Temperature, relative humidity, and solution pH have been reported to have a substantial influence on responses to ethephon. In addition, light intensity can also have significant effects on plant growth and responses to ethephon (Runkle and Heins, 2004; Thomas and Vince-Prue, 1997). The difference in the DLI between noncooled and cooled Veronica plants varied by as much as 7 mol·m−2·d−1 (data not shown). A higher DLI can increase branching and thus the number of cuttings harvested from each plant. However, in our studies, cooled Veronica plants grown under a greater DLI did not have more VC than noncooled Veronica plants.

In our work, the number of RB was reduced in Coreopsis by 100% with weekly ethephon applications at 800 mg·L−1. Ethephon also decreased RB by 88% in cooled Veronica plants. Collectively, these data support previous work in which ethephon 1) reduced the number of inflorescences in Hebe × franciscana (Eastw.) Souster ‘Variegata’ plants (Kristensen and Adreansen, 1988); 2) delayed flowering of the first and second inflorescences by 5 to 10 d, respectively, in seed-propagated geraniums sprayed with ethephon at 1000 mg·L−1 (Carpenter and Carlson, 1970); and 3) delayed flowering in the perennials Achillea millefolium L., Echinacea purpurea Moench., Monarda, and Physostegia virginiana Bentham by 2, 6, 7, and 9 d, respectively, with three ethephon applications at 1000 mg·L−1 (Hayashi et al., 2001).

The objective of this study was to determine whether ethephon application can improve stock plant management in perennials, specifically to maintain vegetative growth and improve cutting quality and yield. According to the findings of this experiment, ethephon has potential for this purpose in Coreopsis and Veronica but not Dianthus. An ethephon application of 600 mg·L−1 biweekly was adequate to significantly increase the number of PS and VC as well as decrease PH, SL, and the number of RB and RC in Coreopsis ‘Moonbeam’. Weekly applications of 400 mg·L−1 accomplished the same results in Veronica ‘Sunny Border Blue’; however, rates greater than 600 mg·L−1 weekly were phytotoxic to Veronica foliage and thus should be used with caution. Ethephon applied to Dianthus did not abort flower buds at the rates and frequencies used, severely stunted internode extension growth, and caused deformed growth and marginal leaf necrosis.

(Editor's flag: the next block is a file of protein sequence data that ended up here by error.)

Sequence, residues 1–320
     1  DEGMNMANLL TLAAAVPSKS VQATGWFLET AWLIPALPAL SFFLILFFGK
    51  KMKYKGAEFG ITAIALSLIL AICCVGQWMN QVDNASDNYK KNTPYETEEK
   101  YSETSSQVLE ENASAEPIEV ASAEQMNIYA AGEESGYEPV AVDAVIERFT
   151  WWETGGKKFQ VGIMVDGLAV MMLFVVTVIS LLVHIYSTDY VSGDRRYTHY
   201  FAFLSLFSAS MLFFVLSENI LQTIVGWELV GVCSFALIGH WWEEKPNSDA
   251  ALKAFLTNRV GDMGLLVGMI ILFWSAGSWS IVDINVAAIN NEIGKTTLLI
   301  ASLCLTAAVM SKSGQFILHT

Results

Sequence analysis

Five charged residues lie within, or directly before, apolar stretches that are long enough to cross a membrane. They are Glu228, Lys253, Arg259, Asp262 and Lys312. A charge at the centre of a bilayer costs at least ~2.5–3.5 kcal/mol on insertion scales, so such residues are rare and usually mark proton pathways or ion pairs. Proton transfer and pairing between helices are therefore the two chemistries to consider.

Literature Cited

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Contributor Notes

We gratefully acknowledge funding by Four Star Greenhouses, Inc., and greenhouse growers providing support for Michigan State University floriculture research.

Graduate student.

Associate Professor.

To whom reprint requests should be addressed; e-mail runkleer@msu.edu.

  • View in gallery

    The effect of biweekly (A, C, E) and weekly (B, D, F) foliar spray applications of ethephon on shoot length, number of primary shoots, and number of flower buds in Coreopsis verticillata ‘Moonbeam’ during Year 2. Cuttings were harvested 2, 4, and 7 weeks after the onset of treatments. Legend in E applies to all figures. Error bars represent se.

  • View in gallery

    Effects of ethephon on the average number of vegetative (A) and reproductive (B) cuttings per plant at each cutting harvest date of Coreopsis verticillata ‘Moonbeam’ during Year 2. Error bars represent se.

  • View in gallery

    The effect of ethephon application on cutting dry weight in Coreopsis verticillata ‘Moonbeam’ (A), noncooled Veronica longifolia ‘Sunny Border Blue’ (B), and cooled (8 weeks at 5 °C, before ethephon application) Veronica longifolia ‘Sunny Border Blue’ (C) during Year 2. Error bars represent se.

  • View in gallery

    The effect of biweekly (A, C, E, G) and weekly (B, D, F, H) foliar spray applications of ethephon on shoot length and number of primary shoots in noncooled (AD) and cooled (EH) Veronica longifolia ‘Sunny Border Blue’ during Year 2. Cuttings were harvested 2 and 6 weeks after the onset of treatments. Legend in E applies to all figures. Error bars represent se.

  • View in gallery

    Effects of ethephon on the average number of Veronica longifolia ‘Sunny Border Blue’ cuttings taken from noncooled (A) and cooled (B) plants at each cutting harvest date during Year 2. Error bars represent se.

  • Beaudry, R.M. & Kays, S.J. 1988 Application of ethylene-releasing compounds in agriculture 127 155 Neumann P.M. Plant growth and leaf-applied chemicals CRC Press Boca Raton, FL

    • Search Google Scholar
    • Export Citation
  • Bunt, A.C. & Cockshull, K.E. 1985 Dianthus caryophyllus 433 440 Halevy A.H. CRC handbook of flowering CRC Press Boca Raton, FL

  • Carpenter, W.J. & Carlson, W.H. 1970 The influence of growth regulators and temperature on flowering of seed propagated geraniums HortScience 5 183 184

    • Search Google Scholar
    • Export Citation
  • Hamaker, C., Heins, R.D., Cameron, A.C. & Carlson, W.H. 2000 Coreopsis verticillata Firing up perennials: The 2000 edition GG Plus Willoughby, OH

  • Hamrick, D. 2003 Ball redbook 17th ed vol. 2 Ball Publishing Batavia, IL

  • Hayashi, T., Heins, R.D., Cameron, A.C. & Carlson, W.H. 2001 Ethephon influences flowering, height, and branching in several herbaceous perennials Scientia Hort. 91 305 324

    • Search Google Scholar
    • Export Citation
  • Konjoian, P. 1993 1993 Garden mum research Konjoian's Floriculture Education Services, Inc Andover, MA 3

  • Konjoian, P. 1994a The economics of Florel use: Part 1 Konjoian's Floriculture Education Services, Inc Andover, MA 4